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Canadian Historic Sites: Occasional Papers in Archaeology and History No. 14

The B.C. Mills Prefabricated System: The Emergence of Ready-made Buildings in Western Canada

by G. E. Mills and D. W. Holdsworth


Whereas earlier prefab building systems, particularly sectional or "knock-down" ones, are studied in the past tense as transitory curiosities, the system described in this paper remains a visible part of western Canada's human landscape. In fact it is through the remarkably diverse examples found throughout Vancouver, southwestern British Columbia and the prairie provinces that much of the documentation for this study has been obtained. The significance of structures such as those illustrated in the report may be viewed in two ways.

Their link to earlier prefabricated building systems, particularly those of the American West, was obvious. Mahony's invention may be seen as a late — perhaps even final — stage of this tradition, a sophisticated and durable application of prefabricated techniques to frontier markets. By the same token, its sudden demise may be explained as a natural death to which all preceding ready-made systems had been subject, as the initial pioneer stage gave way to increasingly self-supporting regional development. Within this context, Mahony's system is of particular interest for its close interrelationship with both the emerging west-coast lumber industry and with the railroad-oriented settlement patterns of the Canadian West.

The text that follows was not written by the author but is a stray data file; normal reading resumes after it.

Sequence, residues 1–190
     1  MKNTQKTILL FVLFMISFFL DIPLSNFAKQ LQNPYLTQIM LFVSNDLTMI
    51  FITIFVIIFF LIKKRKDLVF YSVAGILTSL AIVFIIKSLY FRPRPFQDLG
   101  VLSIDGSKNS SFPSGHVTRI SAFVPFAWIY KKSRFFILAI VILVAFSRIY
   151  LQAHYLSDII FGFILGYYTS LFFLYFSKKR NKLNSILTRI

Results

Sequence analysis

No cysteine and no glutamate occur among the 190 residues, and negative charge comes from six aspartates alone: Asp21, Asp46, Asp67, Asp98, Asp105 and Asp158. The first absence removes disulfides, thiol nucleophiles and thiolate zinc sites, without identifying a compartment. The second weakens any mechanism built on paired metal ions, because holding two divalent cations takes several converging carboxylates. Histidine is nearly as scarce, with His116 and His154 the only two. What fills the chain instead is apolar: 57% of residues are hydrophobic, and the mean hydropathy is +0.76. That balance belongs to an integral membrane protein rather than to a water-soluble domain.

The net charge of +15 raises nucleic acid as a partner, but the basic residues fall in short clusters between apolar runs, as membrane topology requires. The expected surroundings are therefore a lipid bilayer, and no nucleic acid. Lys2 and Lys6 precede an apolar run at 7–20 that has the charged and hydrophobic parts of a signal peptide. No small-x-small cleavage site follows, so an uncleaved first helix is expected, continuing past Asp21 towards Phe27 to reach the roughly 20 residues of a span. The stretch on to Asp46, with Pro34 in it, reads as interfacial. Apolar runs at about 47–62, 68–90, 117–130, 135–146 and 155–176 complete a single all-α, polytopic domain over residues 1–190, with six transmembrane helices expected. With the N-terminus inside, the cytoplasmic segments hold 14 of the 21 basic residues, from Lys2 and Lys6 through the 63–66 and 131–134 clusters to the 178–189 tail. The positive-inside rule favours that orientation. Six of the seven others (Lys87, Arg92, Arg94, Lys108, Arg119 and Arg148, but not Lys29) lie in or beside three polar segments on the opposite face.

A case may also be made for suggesting that Mahony's system represented a fascinating link in the evolution of western Canadian vernacular architecture. B. C. Mills factory prefabrication of permanent dwellings constituted a major departure from the preceding era of individual craftsman-built housing, and anticipated the standardized mass-production so common in present-day buildings. This new scale of production along with the versatility inherent in the system made it an ideal medium for the dissemination of building styles throughout western Canada. Vernacular styles evolving in the Vancouver area during the first decade of the century were reflected in standard designs marketed in the firm's catalogue; similarly, classical bank images previously restricted to major urban centres were rendered common sights in many of the smallest prairie settlements within a four-year period.

Although the B. C. Mills prefab system enjoyed a relatively short production life, its impact as an enduring part of western Canada's early architectural heritage is testified by the survival of so many of the structures 70 years after their manufacture.

23 This streetscape of workmen's housing built by the Calgary firm of Robertson and Carlile is a good example of the locally based companies which emerged to take over the market filled earlier by B.C. Mills prefabs. (H. J. Boam, The Prairie Provinces of Canada: Their History, People, Commerce, Industries and Resources, Sells, London, 1914.)